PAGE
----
Developmental Biology - Transposons|
Taming 'Jumping' Genes
Transposable elements regulate the rate at which DNA is transcribed into RNA...
The human genome is fascinating. Once predicted to contain about a hundred thousand protein-coding genes, it now seems that the number is closer to twenty thousand, or maybe less. And although our genome is made up of about three billion units - "base pairs" - many of these don't seem to belong to specific genes. For that reason, they were delegated to the dustbin of genetics: literally being called "junk DNA".
It turns out, junk DNA is actually critical to coordinating and regulating our 20,000 or so genes. For example, sequences of DNA that "jump" around our genome influencing how our 20,000 regular genes function.
Jumping DNA are "transposable elements" or transposons, of DNA and are estimated to number over 4.5 million within a single individual's genome.
Transposons frequently contain binding sites for transcription factors - proteins that regulate the rate at which DNA is transcribed into RNA, the first step of gene expression. By moving around the entire genome, Transposons renew the pool of binding sites enabling transcription factors, thus becoming "motors" for genomic evolution.
But at the same time, transposable elements can also be very dangerous. They are genotoxic, meaning they can cause mutations which incapacitate genes — and disruption of gene activity can lead to severe diseases or even death.
A question at large is, how can the genotoxic potential of transposons be kept in check without compromising their regulation of the genome?
Scientists from the lab of Didier Trono at EPFL found a family of proteins known as KZFP (for Krüppel-associated box-containing zinc finger proteins), act as "key facilitators" by domesticating regulatory sequences embedded in transposons themselves. The research is published in Cell: Stem Cell.
Shortly after the egg is fertilized by the sperm, transposons are among the first gene sequences to function. Researchers found KZFPs quickly "tame" transposons in order to minimize their impact on the earliest stages of embryo organization. This allows transposons to be used later in development as well as in adult tissues. In this way, KZFPs play a key role in how the human genome is regulated — by helping incorporate transposon-based control sequences into transcription networks.
"Our results reveal how a family of proteins, long considered an oddity of nature, turn foes into friends. They show KZFPs do not just sentence transposons to perpetual silence, but domesticate their regulatory potential for the benefit of our genome.
Our findings also imply anomalies in the completion of this process fatally compromise the earliest phases of human embryo development."
Didier Trono PhD, School of Life Sciences, Ecole Polytechnique Fédérale de Lausanne (EPFL), 1015 Lausanne, Switzerland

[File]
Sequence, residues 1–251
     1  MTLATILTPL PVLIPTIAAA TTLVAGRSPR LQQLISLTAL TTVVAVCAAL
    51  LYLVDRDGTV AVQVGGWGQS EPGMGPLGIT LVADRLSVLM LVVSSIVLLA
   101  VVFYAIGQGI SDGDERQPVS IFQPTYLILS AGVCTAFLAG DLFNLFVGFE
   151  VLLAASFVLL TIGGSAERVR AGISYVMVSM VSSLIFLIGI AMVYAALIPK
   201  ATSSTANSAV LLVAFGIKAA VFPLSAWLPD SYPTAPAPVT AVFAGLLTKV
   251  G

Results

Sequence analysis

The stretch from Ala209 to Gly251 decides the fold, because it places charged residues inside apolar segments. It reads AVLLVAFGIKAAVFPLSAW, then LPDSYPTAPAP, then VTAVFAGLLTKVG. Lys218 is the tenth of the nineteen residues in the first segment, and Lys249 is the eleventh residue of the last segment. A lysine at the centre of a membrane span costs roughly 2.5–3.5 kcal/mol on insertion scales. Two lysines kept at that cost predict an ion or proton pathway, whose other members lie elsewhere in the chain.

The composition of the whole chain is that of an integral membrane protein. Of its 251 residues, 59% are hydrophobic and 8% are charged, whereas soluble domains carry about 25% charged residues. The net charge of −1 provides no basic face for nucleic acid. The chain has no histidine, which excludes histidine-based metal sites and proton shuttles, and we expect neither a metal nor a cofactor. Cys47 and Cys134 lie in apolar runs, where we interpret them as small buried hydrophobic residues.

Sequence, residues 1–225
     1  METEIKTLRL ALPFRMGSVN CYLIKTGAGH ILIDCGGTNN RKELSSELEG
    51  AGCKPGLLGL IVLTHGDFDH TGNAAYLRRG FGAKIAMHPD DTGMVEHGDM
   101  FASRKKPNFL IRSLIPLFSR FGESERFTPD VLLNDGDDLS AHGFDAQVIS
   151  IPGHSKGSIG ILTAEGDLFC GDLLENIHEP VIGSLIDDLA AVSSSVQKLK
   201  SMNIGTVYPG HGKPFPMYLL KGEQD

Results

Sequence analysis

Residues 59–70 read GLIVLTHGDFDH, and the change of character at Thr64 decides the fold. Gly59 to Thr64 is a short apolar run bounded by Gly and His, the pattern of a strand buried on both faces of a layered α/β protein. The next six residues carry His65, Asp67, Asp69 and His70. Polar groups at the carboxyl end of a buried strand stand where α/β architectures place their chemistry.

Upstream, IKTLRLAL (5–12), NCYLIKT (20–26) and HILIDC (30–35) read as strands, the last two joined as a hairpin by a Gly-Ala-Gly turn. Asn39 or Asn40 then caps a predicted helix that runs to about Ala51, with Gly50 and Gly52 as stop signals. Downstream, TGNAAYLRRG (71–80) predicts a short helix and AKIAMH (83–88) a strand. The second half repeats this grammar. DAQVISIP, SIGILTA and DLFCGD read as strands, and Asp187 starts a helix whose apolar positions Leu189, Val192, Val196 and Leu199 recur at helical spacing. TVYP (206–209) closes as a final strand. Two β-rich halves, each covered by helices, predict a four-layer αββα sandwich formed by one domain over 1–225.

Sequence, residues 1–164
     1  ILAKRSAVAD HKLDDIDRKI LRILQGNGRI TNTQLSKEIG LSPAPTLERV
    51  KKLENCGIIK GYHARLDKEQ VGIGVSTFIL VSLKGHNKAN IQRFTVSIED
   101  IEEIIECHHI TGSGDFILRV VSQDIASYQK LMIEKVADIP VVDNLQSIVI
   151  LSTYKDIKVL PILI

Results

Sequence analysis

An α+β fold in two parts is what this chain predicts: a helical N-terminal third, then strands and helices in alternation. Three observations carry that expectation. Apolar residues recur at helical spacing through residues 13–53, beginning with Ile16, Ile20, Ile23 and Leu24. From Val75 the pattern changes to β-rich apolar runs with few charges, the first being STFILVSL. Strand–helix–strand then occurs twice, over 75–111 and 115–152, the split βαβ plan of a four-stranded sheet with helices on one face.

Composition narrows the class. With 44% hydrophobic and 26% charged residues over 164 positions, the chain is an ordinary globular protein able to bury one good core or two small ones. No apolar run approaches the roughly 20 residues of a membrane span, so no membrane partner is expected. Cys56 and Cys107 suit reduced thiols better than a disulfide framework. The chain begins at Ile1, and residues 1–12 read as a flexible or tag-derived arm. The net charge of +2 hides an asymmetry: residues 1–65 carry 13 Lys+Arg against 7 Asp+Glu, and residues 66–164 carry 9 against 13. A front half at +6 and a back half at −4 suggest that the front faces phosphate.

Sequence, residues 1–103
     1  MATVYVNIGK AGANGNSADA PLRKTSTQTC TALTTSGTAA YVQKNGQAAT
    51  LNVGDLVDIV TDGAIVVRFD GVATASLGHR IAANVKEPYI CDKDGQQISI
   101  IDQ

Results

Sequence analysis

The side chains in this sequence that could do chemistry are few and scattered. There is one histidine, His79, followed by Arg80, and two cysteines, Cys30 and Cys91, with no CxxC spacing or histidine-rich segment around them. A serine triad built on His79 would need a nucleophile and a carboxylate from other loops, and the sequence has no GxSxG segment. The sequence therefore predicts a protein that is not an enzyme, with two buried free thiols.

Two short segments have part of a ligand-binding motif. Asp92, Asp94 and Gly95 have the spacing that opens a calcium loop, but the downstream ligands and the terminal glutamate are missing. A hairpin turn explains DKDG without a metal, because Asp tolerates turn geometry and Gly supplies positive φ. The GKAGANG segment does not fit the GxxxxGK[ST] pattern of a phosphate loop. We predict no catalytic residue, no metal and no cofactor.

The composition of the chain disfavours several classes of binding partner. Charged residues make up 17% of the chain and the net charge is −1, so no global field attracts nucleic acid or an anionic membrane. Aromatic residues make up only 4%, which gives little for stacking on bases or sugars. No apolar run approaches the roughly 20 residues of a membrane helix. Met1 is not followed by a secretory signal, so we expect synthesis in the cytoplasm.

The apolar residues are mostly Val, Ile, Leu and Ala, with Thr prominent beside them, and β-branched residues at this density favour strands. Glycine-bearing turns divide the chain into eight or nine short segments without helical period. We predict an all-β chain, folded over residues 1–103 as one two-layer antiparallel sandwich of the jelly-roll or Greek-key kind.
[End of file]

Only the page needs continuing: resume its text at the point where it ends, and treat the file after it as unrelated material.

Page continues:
• KLFs foster EGA by activating enhancers embedded in young TEs (TEENhancers)
• TEENhancers confer a degree of species specificity to early genome activation
• TEENhancers stimulate the expression of KZFPs responsible for their repression
• These KZFPs in turn facilitate TEENhancers’ exaptation as tissue-specific regulators
Expansion of transposable elements (TEs) coincides with evolutionary shifts in gene expression. TEs frequently harbor binding sites for transcriptional regulators, thus enabling coordinated genome-wide activation of species- and context-specific gene expression programs, but such regulation must be balanced against their genotoxic potential. Here, we show that Krüppel-associated box (KRAB)-containing zinc finger proteins (KZFPs) control the timely and pleiotropic activation of TE-derived transcriptional cis regulators during early embryogenesis. Evolutionarily recent SVA, HERVK, and HERVH TE subgroups contribute significantly to chromatin opening during human embryonic genome activation and are KLF-stimulated enhancers in naive human embryonic stem cells (hESCs). KZFPs of corresponding evolutionary ages are simultaneously induced and repress the transcriptional activity of these TEs. Finally, the same KZFP-controlled TE-based enhancers later serve as developmental and tissue-specific enhancers. Thus, by controlling the transcriptional impact of TEs during embryogenesis, KZFPs facilitate their genome-wide incorporation into transcriptional networks, thereby contributing to human genome regulation.
Julien Pontis, Evarist Planet, Sandra Offner, Priscilla Turelli, Julien Duc, Alexandre Coudray
Thorold W. Theunissen, Rudolf Jaenisch and Didier Trono.
Whitehead Institute for Biomedical Research
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Apr 24 2019 Fetal Timeline Maternal Timeline News
New research reveals how KLF4 and KLF17 are the main drivers of human pre-implantation gene transcription, by activating transposon (transposable elements or TEs) enhancers. CREDIT: EPFL.